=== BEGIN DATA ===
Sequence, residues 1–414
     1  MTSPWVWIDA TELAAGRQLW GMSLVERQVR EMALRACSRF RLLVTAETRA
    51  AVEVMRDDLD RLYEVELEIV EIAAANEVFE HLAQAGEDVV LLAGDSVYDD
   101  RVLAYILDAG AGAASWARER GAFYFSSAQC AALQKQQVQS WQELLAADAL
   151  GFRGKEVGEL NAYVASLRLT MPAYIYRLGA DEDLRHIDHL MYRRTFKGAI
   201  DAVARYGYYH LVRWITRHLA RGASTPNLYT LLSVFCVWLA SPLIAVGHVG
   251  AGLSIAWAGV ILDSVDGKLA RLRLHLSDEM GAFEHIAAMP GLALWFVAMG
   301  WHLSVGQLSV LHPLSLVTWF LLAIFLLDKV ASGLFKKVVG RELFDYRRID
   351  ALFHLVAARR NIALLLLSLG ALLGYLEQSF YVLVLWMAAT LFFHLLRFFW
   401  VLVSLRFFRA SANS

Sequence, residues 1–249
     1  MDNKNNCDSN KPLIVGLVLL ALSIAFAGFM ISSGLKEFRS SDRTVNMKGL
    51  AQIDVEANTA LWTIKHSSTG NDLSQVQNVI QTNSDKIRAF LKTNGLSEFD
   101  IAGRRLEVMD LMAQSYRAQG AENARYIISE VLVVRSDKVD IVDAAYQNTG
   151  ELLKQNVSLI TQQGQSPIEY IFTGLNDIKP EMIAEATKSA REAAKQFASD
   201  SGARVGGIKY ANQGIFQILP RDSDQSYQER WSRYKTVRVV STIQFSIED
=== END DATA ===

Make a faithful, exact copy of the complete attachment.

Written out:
Sequence, residues 1–414
     1  MTSPWVWIDA TELAAGRQLW GMSLVERQVR EMALRACSRF RLLVTAETRA
    51  AVEVMRDDLD RLYEVELEIV EIAAANEVFE HLAQAGEDVV LLAGDSVYDD
   101  RVLAYILDAG AGAASWARER GAFYFSSAQC AALQKQQVQS WQELLAADAL
   151  GFRGKEVGEL NAYVASLRLT MPAYIYRLGA DEDLRHIDHL MYRRTFKGAI
   201  DAVARYGYYH LVRWITRHLA RGASTPNLYT LLSVFCVWLA SPLIAVGHVG
   251  AGLSIAWAGV ILDSVDGKLA RLRLHLSDEM GAFEHIAAMP GLALWFVAMG
   301  WHLSVGQLSV LHPLSLVTWF LLAIFLLDKV ASGLFKKVVG RELFDYRRID
   351  ALFHLVAARR NIALLLLSLG ALLGYLEQSF YVLVLWMAAT LFFHLLRFFW
   401  VLVSLRFFRA SANS

Sequence, residues 1–249
     1  MDNKNNCDSN KPLIVGLVLL ALSIAFAGFM ISSGLKEFRS SDRTVNMKGL
    51  AQIDVEANTA LWTIKHSSTG NDLSQVQNVI QTNSDKIRAF LKTNGLSEFD
   101  IAGRRLEVMD LMAQSYRAQG AENARYIISE VLVVRSDKVD IVDAAYQNTG
   151  ELLKQNVSLI TQQGQSPIEY IFTGLNDIKP EMIAEATKSA REAAKQFASD
   201  SGARVGGIKY ANQGIFQILP RDSDQSYQER WSRYKTVRVV STIQFSIED